Heroin is pure death, and is rapidly spreading through the commonwealth.
It is among the most addictive drugs on Earth, and is devastating Kentucky families in all corners of our state, and in every walk of life. As certain abused prescription drugs have become harder or more expensive to obtain, heroin use has skyrocketed.
A year ago, when I began traveling the state as a candidate for attorney general, I felt the devastation of heroin whenever I visited Northern Kentucky. Today, I hear about it in every community I visit.
Every room of people that I meet includes parents, aunts and uncles, or friends who have lost loved ones to a heroin overdose. And the data show that we can only expect more. According to the most recent Overdose Fatality Report, in 2013, 31.9 percent of all overdose deaths came from heroin — a 60 percent increase in just one year. Put this statistic in the context that more Kentuckians now die from drug overdoses than car wrecks, and it becomes clear — heroin must be stopped now. Delay equals death.
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Critical legislation died in the 2014 session for one reason: the few things state legislators disagreed on stopped them from passing the many important provisions they agreed on.
With the 2015 legislative session approaching, the answer is clear: Sit down before the session, identify what both chambers agree on and pass a bill with those provisions as quickly as possible. From my discussions with families, law enforcement, legislators and doctors, I believe there is agreement on these steps:
■ Passing a Good Samaritan law. Many overdose deaths could be prevented if other drug users could report overdoses without fear of arrest. More than 20 states have passed similar laws. Kentucky must join them.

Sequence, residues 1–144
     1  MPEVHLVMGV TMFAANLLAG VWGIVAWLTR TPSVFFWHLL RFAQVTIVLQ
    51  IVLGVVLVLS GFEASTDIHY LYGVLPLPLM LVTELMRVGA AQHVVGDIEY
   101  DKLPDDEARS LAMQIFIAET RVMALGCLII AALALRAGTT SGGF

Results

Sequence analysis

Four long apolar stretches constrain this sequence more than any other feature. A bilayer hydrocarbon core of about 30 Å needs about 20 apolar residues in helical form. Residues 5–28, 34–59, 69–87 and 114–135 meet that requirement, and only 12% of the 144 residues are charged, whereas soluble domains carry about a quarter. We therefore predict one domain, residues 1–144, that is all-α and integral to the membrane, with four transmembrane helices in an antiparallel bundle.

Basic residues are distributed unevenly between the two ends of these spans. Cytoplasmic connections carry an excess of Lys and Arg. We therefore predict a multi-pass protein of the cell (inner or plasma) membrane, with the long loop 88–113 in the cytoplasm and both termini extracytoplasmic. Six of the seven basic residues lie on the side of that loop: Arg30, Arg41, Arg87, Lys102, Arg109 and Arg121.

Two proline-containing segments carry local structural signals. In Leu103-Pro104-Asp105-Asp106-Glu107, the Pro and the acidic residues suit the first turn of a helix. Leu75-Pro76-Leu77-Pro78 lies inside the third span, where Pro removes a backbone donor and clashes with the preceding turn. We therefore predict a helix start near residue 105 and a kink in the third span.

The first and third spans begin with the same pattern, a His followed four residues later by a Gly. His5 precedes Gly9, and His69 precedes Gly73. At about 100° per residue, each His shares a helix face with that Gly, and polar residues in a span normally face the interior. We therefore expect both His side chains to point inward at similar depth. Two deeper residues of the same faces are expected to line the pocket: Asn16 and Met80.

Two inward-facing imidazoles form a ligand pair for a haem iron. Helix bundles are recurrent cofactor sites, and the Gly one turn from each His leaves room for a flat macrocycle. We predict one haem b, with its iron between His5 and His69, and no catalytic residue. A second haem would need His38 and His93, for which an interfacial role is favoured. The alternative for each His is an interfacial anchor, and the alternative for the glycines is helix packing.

■ Providing Naloxone to first responders. The drug can reverse an overdose if applied in time, can be an important and effective tool to prevent overdose deaths. We must expand its availability to first responders, as more than 24 other states have done.
Legislators also should find agreement on two other important tactics:
■ Increasing penalties. While sentencing-reduction laws may be appropriate for some drugs, they are wrong for heroin. Penalties for dealing heroin must be so severe that they dissuade a dealer from selling the drug, and they must ensure a significant portion of any sentence is actually served. Heroin dealers must know that selling any amount will result in a substantial incarceration.
■ Increasing access to comprehensive drug treatment. Heroin addiction is incredibly difficult to beat. While new laws require some drug treatment to be covered by health insurance, many treatments are too short and don't work for many addicts. We must make comprehensive treatment more accessible.
Heroin already has touched or will touch — and possibly take — the lives of your family, friends, or neighbors. I would know; it has in my neighborhood. When I moved to my house five years ago, the first person I met was a 12-year-old girl who immediately volunteered to babysit. In May, she told me she had, less than a year ago, lost her older brother, who died of an overdose the very first time he tried heroin. One bad choice on one bad night had robbed her family of their loved one.
We must do everything we can to ensure that young man, and the many other children and young adults we have lost, have not died in vain. We must use their stories to educate children and adults that taking heroin — even once — will wreck your life and devastate the lives of those around you.
What matters most is that the state act as quickly as possible. Please join me in urging our legislature to pass what they agree on quickly and fight about the rest later.
To those who have lost loved ones, to those fighting to save a loved one, and to those genuinely trying to break an addiction, I will stand with you in this fight.